For Audrey Bantug, getting through the preliminary round of the Scripps National Spelling Bee on Wednesday put her a step closer to the sweet taste of victory.

But before she could even begin to fathom the taste of the win, she had to spell and define a veritable mouthful of tasty terms better known to culinary connoisseurs than your average 13-year-old.

But the San Ramon student. who correctly spelled "prosciutto" and "umami" to advance to Thursday's final day of competition in Washington, D.C., is not your average 13-year-old.

The eighth-grade honors student at Iron Horse Middle School is one of 281 spellers competing in the national competition, one of three from the Bay Area. The other two were eliminated Wednesday.

Cassandra Clowe-Coish, 12, of St. John’s, Canada, center, Audrey Bantug, 13, from San Ramon, Ca., left, and Mollie Symons, 14, of Kingston, Canada,
Cassandra Clowe-Coish, 12, of St. John's, Canada, center, Audrey Bantug, 13, from San Ramon, Ca., left, and Mollie Symons, 14, of Kingston, Canada, wait to spell their words during the second round of the Scripps National Spelling Bee in Oxon Hill, Md., Wednesday, May 29, 2013. (AP Photo/Cliff Owen)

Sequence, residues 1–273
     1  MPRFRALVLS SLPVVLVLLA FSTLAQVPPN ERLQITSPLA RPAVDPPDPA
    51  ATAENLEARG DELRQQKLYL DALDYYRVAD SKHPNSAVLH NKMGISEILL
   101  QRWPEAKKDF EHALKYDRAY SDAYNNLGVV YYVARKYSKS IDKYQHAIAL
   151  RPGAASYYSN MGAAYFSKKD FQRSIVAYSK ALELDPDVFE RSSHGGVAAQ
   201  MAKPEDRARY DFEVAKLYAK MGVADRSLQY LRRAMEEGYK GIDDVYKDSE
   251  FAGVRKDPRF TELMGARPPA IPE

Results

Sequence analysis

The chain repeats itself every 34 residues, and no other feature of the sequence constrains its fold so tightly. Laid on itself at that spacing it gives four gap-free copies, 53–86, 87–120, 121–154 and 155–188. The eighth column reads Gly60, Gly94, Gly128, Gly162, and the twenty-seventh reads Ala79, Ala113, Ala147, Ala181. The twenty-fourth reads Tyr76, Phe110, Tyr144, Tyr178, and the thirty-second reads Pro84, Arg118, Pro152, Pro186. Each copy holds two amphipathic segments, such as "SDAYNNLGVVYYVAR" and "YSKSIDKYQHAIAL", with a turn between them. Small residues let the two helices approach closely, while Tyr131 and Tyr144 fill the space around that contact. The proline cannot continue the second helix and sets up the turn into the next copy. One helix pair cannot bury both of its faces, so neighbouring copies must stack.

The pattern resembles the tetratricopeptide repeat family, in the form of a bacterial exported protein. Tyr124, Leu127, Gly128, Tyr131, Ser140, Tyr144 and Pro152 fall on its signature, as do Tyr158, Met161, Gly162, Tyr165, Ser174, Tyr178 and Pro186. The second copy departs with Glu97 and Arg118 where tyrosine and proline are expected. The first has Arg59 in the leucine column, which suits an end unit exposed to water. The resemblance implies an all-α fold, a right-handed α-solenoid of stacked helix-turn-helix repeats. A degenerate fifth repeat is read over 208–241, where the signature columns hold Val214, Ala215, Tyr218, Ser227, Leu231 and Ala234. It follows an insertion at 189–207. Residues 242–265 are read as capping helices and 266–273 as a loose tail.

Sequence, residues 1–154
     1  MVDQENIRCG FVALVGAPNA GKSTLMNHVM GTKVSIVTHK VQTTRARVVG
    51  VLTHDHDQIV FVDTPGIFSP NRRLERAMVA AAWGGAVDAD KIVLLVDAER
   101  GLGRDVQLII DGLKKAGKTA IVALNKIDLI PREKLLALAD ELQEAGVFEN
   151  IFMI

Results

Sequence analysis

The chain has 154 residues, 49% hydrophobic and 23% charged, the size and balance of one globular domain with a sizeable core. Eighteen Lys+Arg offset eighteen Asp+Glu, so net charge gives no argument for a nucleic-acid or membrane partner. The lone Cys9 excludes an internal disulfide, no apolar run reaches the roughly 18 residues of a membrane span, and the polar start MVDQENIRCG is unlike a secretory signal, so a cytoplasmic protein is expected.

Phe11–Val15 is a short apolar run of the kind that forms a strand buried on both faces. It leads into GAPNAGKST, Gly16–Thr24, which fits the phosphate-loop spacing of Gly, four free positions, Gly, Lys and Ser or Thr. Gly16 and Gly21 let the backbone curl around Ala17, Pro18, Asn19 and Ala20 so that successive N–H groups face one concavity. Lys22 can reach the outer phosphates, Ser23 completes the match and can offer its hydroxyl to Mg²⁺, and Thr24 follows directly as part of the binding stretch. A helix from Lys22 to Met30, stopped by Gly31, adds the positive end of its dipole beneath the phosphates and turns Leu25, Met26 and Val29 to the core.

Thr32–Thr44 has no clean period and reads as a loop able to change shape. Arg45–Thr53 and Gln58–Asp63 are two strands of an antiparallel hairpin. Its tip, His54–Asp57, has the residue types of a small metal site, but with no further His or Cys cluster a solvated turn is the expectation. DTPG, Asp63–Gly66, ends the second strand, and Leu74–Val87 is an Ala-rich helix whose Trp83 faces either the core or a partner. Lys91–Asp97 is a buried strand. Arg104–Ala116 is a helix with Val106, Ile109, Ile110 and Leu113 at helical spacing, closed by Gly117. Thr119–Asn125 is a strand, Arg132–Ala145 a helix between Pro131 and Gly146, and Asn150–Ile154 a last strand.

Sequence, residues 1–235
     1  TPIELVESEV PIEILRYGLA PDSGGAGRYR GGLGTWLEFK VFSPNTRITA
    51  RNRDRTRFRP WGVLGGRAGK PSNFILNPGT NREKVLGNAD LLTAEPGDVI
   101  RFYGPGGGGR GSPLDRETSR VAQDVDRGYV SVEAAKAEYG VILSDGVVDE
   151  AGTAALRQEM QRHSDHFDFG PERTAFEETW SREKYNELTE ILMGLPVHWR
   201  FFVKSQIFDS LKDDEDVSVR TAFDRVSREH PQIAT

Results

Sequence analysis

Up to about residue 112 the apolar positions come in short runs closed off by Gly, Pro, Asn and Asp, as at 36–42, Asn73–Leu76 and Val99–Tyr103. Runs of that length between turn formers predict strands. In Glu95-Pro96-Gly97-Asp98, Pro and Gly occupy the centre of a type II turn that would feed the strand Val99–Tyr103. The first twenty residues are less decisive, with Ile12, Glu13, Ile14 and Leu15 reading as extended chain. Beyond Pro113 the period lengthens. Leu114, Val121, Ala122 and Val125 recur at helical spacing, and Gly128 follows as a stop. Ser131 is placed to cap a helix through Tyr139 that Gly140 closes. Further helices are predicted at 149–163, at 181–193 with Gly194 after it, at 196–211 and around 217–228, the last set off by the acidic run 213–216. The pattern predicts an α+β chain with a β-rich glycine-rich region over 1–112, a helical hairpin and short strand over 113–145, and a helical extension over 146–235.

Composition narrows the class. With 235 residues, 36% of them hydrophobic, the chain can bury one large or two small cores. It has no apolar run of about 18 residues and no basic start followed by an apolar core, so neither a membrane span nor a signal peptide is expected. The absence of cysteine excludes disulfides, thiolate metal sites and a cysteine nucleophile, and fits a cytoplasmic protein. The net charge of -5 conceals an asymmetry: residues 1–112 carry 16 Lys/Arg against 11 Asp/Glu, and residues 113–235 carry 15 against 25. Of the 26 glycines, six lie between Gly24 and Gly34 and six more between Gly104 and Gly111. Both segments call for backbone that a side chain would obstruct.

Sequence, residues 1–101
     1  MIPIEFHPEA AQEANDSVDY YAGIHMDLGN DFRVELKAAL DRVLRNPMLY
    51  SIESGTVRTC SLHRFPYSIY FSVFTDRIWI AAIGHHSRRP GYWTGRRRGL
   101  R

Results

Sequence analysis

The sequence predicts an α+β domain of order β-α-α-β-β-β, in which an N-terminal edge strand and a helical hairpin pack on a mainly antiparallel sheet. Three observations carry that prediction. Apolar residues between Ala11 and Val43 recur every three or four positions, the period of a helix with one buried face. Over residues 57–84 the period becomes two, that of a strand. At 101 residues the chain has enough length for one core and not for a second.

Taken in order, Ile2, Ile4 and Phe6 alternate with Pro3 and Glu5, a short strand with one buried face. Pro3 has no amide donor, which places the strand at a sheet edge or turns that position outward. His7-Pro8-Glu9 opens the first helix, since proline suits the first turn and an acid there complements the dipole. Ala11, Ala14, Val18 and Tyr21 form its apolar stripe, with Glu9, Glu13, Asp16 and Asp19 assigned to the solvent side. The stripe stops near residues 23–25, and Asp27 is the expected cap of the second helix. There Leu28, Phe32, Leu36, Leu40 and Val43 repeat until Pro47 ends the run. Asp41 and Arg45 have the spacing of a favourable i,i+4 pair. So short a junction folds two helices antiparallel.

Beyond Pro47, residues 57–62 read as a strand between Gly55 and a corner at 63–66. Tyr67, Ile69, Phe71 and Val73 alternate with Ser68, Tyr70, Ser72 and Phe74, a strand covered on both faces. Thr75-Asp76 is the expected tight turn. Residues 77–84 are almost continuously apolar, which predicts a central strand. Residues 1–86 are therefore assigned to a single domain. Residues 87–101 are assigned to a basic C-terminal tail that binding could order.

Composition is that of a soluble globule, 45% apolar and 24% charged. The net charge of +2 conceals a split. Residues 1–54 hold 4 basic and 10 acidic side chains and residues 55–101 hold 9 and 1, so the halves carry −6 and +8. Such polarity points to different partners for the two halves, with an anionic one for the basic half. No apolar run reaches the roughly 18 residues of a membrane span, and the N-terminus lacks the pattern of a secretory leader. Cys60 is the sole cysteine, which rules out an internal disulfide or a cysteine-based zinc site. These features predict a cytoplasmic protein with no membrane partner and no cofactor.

She belongs to a unique subset of adolescents who count "flibbertigibbet" and "weissnichtwo" as their favorite words.

"We're all rooting for her," said Joe Nguyen, principal at Iron Horse Middle School, who says teachers are sharing with their students a website that tracks her progress. "We'll do something special when she gets back."

Audrey, who is a member of both the writing club and symphonic band at her school, received an all-expenses paid trip to the competition sponsored by this newspaper after winning the 37th Annual Contra Costa County Spelling Bee on March 23.

Nguyen said Audrey's entire family made the trip to cheer her on during her first Scripps appearance.

The competition began Wednesday with spellers from the 50 U.S. states, the District of Columbia, American Samoa, Guam, Puerto Rico, U.S. Virgin Islands and Department of Defense Dependents Schools in Europe, as well as the Bahamas, Canada, China, Ghana, Jamaica, Japan and South Korea.

But by day's end, 240 of those students were sent packing after the first three rounds that included two onstage rounds and one computer-based test.

While only 42 contestants were eliminated by the end of round three, the students' onstage scores were combined with their computer scores from the previous day to whittle it down to 41. The other two Bay Area contestants -- Neha Konakalla, 13, of Cupertino, and Cecilia Trujillo, 13, of Monterey County -- were eliminated during this process.

The semifinalists will take one more computer-based test Wednesday night before appearing Thursday on stage in one last stride for the finals. The finalists will be announced at the end of Round Six, which will take place 11 a.m. to 2 p.m. Pacific time. It will be televised on ESPN2. The finals, 5 to 7 p.m. Pacific time, will be on ESPN.

Follow Erin Ivie at Twitter.com/erin_ivie.